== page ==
“Space travel challenges mankind not only technologically but also spiritually,” they wrote, “in that it invites man to take an active part in his own biological evolution. Scientific advances of the future may thus be utilized to permit man’s existence in environments which differ radically from those provided by nature as we know it.”

Their cyborg was an organism with a feedback system, in essence. Something that could identify new physical challenges, and design and embrace new technological innovations to meet those challenges.

Something interesting happened to the word “cyborg” over the years, though. It became a sci-fi trope, of course, and is often used interchangeably with words like “android” to mean any kind of robot-human hybrid. But its modern meaning is also broader in other, interesting ways. Philosophers like Donna Haraway, in her “Cyborg Manifesto” of 1985, argued that we should think of cyborgs as all of us. This isn’t the physical sense of a cyborg that Kline and Clynes talked about–the idea of the augmented human body. It’s about being nodes in a huge, globe-spanning network of technology and nature.

It’s common to think about the world in terms of what’s natural, and what we’ve created: plants versus buildings, pharmaceuticals versus home remedies, organic food versus processed, digital communication versus face-to-face, and so on. In fact, as Haraway argues, we shouldn’t use terms like “technology” and “nature” as if they’re opposites–because they’re not. By recognizing that, we can liberate ourselves by creating and recognizing new categories that make sense to who we actually are. We are all cyborgs, and that means we can exploit our messy in-betweenness to construct our own identities at will.


This is just one interpretation, though. There’s a rich history of academic debate around this topic–thinkers from Sherry Turkle to Marshall McLuhan, Jaron Lanier to danah boyd have touched on some aspect of how new technologies shape and mediate lived experience. Their work will inform our explorations of the issues raised by current and next generations of technology.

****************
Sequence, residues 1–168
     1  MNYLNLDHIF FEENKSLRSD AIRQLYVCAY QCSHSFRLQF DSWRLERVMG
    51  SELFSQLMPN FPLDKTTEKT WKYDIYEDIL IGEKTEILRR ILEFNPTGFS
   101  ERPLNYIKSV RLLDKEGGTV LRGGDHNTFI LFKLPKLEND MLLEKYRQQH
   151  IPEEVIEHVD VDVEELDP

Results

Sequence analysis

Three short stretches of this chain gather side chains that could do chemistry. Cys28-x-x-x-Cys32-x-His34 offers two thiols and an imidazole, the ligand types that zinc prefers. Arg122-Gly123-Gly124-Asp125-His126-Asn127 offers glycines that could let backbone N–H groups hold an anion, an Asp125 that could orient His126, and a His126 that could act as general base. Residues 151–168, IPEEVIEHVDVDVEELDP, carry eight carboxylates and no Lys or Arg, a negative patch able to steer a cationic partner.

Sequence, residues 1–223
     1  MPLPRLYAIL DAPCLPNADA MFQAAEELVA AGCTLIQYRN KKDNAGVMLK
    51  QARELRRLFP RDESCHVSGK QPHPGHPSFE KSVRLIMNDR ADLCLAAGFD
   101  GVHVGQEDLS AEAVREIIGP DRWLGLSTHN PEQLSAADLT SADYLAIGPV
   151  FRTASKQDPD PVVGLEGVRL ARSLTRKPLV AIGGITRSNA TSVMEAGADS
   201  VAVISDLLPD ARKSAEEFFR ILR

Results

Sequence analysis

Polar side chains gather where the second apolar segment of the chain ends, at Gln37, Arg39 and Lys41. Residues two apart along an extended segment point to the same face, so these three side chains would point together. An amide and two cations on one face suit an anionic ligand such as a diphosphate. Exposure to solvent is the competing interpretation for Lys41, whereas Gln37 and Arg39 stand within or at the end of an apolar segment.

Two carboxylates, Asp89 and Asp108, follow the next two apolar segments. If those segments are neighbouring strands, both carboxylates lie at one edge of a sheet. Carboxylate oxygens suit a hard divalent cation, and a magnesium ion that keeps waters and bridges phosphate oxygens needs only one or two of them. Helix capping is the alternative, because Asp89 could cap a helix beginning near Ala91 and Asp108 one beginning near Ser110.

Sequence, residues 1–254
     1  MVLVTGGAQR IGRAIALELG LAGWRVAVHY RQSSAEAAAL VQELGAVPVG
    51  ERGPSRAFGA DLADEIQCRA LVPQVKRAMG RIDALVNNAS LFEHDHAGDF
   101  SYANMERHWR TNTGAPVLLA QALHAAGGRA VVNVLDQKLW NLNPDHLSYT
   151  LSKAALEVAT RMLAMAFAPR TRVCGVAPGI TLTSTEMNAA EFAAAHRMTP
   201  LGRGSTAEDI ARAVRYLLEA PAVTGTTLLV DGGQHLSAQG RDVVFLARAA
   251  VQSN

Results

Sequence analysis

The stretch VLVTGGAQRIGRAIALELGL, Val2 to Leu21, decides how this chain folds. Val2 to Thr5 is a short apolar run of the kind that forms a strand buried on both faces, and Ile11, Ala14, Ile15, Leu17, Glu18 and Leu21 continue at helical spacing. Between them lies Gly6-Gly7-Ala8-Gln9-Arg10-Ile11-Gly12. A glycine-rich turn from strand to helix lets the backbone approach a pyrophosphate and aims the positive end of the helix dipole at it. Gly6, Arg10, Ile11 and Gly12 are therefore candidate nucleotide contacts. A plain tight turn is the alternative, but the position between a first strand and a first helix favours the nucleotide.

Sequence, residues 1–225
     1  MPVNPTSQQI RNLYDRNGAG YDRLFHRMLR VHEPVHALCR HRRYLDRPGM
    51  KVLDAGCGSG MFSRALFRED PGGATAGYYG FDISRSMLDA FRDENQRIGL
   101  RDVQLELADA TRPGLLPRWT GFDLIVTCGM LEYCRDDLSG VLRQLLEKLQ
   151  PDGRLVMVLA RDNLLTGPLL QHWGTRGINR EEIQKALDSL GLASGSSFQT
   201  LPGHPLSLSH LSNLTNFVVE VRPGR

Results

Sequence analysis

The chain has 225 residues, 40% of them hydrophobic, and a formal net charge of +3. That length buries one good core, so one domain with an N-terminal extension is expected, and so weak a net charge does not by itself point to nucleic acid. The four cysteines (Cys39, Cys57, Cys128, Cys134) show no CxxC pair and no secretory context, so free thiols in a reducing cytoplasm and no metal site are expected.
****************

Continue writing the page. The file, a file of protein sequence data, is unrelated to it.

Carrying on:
The last decade has seen the explosion of smartphones and constant communication, everywhere, anytime. What does that mean for how we think? So often the temptation is to worry–tabloids are adept at exploiting the fears of parents that too much screen time is damaging the brains of their children. The evidence, though, is far more interesting and inconclusive. Similarly, the things that we might welcome about a new technology might distract us from the larger, more substantive impact that comes, on a social and economic scale.

Should we worry about the technology we use changing the way that we think? Why is it that we feel that gut fear of the new? What, exactly, are we going to hate the most about what our kids have that we didn’t?

From social media to prosthetics, reproductive health to sensory experience, there are experiments and investigations that will change the world happening in all of these fields. The nature of the human machine–the type of cyborg that we are–will continue to be in a constant state of flux.



Read the next episode: “Sense Hacking: The Real-Life Cyborgs of the DIY Augmentation Scene

How We Get To Next was a magazine that explored the future of science, technology, and culture from 2014 to 2019. The Human Machine is an eight-part series that interrogates the increasingly blurred lines between humans and machines.